Spring fatigue is an old expression from when a long dark winter combined with lack of fresh fruit and vegetables led to a vitamin deficiency and lack of energy in spring time. It is not actually a medical diagnosis but it is a condition which is well known, especially today, amongst Norwegians.
I used to think that spring fatigue was a cultural myth to explain away irritability and tiredness but every year when spring comes around I experience symptoms of the spring fatigue syndrome. And you know what, I believe Norwegians are right about this yearly phenomenon.
Tiredness is one of the main signs of spring fatigue, especially for me. It is common over the dark season, even for Norwegians, to get insomnia. You’d think that in darkness your body would want to rest and sleep more, however, during this time of year your body gets disorientated because of the lack of light. I’ve discovered that it is the lack of light, not the darkness, that tells your body when to sleep. My body is programed, from after living in a place with a usual sunrise and sunset, to rest and then sleep a couple of hours after the sun goes down. It is an internal clock that sets my rest and sleeping patterns according to the sun. In Norway, especially in the North, the sun doesn’t come up for two months over winter so my internal clock gets thrown out of whack. I have to artificially make my body go into a resting then sleeping phase during the dark season – and I can tell you, it is very hard to do. The main battle is that the sunlight slowly slips away day-by-day lulling your body into confusion. If the sun just cut off straight away, like a light switch, it would be a lot easier to maintain a rigid sleeping schedule.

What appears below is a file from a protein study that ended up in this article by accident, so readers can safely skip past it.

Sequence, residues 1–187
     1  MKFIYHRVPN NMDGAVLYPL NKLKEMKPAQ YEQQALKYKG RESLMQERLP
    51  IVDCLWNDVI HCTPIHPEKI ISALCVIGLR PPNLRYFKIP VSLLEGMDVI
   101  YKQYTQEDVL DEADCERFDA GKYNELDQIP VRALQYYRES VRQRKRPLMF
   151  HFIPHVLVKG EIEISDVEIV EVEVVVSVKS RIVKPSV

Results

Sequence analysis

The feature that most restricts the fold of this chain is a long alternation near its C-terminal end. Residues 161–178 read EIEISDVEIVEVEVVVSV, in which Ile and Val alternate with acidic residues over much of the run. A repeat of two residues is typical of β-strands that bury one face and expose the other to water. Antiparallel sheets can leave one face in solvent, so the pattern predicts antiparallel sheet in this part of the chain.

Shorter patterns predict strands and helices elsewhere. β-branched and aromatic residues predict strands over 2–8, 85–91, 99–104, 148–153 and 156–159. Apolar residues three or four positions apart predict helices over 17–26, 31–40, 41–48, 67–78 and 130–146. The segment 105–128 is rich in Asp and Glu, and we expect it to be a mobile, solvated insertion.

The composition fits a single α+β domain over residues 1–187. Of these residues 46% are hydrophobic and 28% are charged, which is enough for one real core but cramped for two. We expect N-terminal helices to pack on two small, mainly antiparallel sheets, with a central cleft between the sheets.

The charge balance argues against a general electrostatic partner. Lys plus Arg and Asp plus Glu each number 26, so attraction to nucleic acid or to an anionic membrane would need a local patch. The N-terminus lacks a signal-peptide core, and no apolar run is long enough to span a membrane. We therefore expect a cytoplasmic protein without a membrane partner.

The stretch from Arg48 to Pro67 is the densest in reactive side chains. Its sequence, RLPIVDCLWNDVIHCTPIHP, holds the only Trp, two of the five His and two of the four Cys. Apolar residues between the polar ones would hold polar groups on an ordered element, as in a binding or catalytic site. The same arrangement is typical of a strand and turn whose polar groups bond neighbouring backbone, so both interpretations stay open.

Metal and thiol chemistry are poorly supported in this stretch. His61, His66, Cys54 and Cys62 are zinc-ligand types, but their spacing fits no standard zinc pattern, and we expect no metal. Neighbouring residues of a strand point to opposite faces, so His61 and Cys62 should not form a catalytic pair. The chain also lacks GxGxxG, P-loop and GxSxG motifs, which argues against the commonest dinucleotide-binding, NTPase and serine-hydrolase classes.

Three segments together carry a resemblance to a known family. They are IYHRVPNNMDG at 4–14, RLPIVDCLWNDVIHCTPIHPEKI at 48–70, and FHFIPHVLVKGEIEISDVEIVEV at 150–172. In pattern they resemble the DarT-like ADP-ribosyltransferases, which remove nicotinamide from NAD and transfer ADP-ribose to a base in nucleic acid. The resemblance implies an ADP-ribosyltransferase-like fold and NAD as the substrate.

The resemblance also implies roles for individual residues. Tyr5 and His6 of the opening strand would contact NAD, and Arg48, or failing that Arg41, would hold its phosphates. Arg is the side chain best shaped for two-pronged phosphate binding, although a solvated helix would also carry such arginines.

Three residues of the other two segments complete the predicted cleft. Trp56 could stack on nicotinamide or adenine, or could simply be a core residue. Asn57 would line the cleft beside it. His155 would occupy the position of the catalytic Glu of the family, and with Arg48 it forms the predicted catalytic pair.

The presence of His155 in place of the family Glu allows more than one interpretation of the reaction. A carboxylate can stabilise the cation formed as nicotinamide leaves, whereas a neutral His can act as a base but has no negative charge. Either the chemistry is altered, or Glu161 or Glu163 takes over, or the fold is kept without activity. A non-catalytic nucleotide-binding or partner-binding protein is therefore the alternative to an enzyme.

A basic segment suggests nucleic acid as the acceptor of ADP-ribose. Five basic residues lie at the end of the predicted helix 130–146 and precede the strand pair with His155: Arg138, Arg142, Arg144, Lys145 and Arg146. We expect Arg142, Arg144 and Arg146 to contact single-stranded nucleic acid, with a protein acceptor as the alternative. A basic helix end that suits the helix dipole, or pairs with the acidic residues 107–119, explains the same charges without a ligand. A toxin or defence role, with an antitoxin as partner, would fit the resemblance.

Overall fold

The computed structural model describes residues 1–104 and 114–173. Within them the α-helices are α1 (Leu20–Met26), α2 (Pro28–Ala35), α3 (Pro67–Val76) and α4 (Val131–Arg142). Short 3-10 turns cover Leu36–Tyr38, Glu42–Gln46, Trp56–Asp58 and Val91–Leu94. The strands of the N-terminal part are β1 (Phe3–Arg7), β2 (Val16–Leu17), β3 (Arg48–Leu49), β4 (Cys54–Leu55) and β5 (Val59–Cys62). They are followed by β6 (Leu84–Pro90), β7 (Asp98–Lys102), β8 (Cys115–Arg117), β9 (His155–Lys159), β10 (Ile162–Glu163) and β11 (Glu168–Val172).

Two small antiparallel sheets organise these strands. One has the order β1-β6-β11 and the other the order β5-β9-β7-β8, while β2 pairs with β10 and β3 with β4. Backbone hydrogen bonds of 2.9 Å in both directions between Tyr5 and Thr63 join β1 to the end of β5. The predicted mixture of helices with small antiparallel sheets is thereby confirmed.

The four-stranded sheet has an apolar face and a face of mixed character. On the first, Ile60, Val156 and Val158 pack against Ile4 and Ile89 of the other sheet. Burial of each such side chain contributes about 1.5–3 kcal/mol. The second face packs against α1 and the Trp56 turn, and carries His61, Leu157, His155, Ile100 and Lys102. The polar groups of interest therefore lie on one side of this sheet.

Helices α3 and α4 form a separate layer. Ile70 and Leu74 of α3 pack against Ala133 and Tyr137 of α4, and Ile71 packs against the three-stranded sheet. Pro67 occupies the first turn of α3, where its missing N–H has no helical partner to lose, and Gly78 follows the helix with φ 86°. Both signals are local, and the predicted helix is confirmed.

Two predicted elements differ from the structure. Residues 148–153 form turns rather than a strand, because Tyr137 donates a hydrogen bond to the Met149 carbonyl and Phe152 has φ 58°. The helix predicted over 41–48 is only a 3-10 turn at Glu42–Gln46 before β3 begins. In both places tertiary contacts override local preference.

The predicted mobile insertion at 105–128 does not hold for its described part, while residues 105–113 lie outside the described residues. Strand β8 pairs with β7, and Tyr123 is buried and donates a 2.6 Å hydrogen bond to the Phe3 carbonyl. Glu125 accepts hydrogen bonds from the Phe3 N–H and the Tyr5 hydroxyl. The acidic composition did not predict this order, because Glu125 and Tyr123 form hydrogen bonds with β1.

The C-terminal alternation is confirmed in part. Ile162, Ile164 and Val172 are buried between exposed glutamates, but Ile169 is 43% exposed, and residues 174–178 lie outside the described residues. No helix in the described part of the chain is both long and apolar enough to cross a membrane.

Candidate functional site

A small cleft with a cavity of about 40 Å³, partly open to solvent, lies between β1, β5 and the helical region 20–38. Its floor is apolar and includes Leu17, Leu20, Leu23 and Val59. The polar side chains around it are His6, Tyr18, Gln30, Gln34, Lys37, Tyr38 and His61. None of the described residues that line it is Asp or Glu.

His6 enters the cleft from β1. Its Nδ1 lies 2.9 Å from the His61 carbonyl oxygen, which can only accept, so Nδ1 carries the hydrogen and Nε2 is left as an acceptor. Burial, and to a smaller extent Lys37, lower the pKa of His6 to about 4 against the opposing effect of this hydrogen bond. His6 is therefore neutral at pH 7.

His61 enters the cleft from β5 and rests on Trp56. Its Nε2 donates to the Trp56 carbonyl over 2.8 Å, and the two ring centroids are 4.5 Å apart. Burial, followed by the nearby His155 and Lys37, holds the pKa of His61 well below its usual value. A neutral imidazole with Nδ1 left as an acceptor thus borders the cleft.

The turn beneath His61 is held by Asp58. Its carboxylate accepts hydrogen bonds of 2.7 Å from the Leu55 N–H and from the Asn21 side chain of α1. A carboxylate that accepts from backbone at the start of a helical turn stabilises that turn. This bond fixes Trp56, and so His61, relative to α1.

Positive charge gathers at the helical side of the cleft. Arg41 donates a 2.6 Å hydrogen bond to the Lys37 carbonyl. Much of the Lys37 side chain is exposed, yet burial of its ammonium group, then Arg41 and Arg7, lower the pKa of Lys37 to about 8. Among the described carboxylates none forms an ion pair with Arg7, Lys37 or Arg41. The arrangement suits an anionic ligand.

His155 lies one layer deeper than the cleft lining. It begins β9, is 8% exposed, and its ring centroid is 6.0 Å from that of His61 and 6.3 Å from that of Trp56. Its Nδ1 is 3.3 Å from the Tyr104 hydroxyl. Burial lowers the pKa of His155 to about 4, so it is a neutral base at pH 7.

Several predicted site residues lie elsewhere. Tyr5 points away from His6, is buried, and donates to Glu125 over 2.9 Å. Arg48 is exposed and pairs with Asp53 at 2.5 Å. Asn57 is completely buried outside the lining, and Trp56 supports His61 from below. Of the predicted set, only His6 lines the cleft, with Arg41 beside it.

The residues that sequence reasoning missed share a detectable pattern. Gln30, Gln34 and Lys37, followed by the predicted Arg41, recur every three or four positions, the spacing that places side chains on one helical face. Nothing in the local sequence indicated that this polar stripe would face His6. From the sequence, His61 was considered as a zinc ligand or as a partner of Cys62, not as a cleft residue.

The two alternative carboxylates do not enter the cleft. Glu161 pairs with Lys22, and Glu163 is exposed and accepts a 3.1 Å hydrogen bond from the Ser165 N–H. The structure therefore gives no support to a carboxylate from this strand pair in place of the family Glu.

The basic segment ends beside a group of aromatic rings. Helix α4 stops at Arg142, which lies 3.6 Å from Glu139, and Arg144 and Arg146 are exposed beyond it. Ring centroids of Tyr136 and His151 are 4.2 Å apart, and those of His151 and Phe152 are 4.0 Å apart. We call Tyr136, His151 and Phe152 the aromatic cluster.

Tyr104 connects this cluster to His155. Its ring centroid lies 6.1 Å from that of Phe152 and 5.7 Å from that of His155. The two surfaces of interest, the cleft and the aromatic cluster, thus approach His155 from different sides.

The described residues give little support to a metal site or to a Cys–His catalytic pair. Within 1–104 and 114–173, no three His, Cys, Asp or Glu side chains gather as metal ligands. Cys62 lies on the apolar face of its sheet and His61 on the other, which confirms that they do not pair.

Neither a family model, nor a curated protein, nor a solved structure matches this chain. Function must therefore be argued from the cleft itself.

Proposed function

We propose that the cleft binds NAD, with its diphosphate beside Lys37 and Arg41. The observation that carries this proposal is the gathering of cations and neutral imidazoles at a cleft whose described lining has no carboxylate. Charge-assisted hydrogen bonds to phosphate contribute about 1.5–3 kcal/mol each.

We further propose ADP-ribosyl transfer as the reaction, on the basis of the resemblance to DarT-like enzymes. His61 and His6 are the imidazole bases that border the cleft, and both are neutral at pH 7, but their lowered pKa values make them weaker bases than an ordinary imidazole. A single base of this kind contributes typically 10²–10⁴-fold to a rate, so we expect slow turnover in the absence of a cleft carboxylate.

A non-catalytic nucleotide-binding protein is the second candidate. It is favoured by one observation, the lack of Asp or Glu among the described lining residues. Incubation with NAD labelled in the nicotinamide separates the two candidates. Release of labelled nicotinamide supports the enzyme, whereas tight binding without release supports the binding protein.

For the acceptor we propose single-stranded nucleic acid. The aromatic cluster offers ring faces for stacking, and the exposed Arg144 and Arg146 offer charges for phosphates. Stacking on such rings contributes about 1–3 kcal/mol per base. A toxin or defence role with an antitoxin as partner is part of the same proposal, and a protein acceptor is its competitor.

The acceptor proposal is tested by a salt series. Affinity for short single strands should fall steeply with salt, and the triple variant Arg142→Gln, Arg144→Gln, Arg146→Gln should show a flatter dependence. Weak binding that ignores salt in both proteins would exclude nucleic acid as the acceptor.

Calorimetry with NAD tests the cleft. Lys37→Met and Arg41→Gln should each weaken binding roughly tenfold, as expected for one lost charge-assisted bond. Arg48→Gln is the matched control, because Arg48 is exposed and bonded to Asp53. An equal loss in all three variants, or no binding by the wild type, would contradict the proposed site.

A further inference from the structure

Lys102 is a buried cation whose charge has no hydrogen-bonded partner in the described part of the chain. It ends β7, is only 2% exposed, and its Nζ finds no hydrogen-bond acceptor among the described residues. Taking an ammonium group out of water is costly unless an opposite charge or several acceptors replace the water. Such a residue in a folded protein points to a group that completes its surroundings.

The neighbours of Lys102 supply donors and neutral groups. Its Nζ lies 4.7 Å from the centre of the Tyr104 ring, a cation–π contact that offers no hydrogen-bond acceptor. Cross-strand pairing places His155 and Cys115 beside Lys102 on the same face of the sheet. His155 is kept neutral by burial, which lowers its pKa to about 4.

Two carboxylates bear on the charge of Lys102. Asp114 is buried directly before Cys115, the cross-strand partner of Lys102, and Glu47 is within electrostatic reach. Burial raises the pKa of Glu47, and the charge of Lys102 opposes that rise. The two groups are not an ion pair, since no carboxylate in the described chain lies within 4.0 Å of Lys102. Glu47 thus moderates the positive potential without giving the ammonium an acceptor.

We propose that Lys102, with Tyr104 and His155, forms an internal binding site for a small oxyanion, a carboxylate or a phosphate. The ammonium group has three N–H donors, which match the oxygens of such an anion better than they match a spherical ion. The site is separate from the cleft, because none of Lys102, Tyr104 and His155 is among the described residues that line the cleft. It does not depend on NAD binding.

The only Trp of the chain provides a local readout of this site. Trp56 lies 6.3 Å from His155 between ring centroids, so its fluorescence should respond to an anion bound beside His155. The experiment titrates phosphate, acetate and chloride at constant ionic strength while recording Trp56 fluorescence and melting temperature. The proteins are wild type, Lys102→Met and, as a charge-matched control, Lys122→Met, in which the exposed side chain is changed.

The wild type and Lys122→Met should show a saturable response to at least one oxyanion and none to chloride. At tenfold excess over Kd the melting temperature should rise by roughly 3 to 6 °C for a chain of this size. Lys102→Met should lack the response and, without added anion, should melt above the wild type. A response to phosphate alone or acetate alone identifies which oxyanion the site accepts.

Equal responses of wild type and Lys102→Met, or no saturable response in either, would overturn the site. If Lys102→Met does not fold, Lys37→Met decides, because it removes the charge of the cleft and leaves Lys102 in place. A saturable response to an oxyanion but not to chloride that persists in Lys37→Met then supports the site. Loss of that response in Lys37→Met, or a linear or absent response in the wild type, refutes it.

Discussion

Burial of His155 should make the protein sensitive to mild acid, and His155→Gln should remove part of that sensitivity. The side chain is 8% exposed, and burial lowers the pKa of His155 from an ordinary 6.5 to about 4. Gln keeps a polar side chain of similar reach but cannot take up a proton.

High and Low Activity
When the sun returns my body is thrown into a state of contradiction. It wants to run and jump and play one minute but when the warm light touches my skin I just want to coil up and go to sleep. Often when I’m playing outside in the snow with the family I have to take a quick cat-nap. When I close my eyes it feels like home – lying on an Australian beach, listening to the waves and feeling the sun on my eyelids – but in a thermal suit in the cold snow. That is the great thing about snow, you might need a bed or a couch to sleep on inside, but snow is one big fluffy mattress waiting for sleep to happen!
Warm and Cold Moments
It is strange that my body before needed lack-of-light to know when to sleep but now it wants to sleep all the time in the spring light. But maybe it isn’t the light that makes me want to sleep so much as the warmth. The last three months I have lived in complete coldness outside. In the coldness you have to jump and hop around to keep warm. Speak to a bunch of Norwegians standing outside and you will see them all giggle round like they have ants in their pants. It is the basics of Arctic survival – keep moving or die. Inside Norwegian homes are toasty over winter – perfect for snuggling up and going to sleep. Norwegians like to keep their bedrooms no warmer than 18 degrees celsius but that is actually warmer than the middle of summer in the North. In fact, a Norwegian likes their warmth to be warmer than what Australians like. Because of this, I think my body now associates warmness with sleeping time (whereas in Australia it was the coolness of nights). The light might draw me outside to play but the warmth just makes me want to curl up and snooze.
Energy and Vitamin D